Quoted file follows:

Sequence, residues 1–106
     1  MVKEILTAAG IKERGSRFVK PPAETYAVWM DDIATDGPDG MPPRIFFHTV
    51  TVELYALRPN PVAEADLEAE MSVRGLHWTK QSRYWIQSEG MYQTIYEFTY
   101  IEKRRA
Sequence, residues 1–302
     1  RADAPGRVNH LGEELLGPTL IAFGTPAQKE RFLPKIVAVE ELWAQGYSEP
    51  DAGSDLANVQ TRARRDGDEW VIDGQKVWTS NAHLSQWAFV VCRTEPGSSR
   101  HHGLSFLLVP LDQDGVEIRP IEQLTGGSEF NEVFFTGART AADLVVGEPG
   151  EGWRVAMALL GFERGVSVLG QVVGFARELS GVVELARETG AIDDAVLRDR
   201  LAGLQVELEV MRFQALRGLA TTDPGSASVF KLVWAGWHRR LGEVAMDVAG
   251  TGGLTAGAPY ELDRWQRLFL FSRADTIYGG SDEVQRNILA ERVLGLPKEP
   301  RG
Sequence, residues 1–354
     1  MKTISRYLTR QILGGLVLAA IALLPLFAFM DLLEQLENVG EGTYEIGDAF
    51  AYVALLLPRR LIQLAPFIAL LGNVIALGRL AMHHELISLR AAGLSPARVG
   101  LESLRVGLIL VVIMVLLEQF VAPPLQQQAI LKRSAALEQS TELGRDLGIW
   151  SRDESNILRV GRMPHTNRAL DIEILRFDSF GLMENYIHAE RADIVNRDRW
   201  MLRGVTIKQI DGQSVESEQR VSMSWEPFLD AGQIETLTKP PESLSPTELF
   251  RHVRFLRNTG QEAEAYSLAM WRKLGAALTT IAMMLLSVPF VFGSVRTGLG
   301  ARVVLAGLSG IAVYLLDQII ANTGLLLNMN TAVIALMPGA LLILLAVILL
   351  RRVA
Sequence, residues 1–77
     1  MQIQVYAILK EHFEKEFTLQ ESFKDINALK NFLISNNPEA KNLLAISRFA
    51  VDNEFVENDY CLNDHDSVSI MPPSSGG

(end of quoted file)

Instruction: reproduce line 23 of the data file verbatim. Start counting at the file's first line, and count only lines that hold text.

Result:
     1  MQIQVYAILK EHFEKEFTLQ ESFKDINALK NFLISNNPEA KNLLAISRFA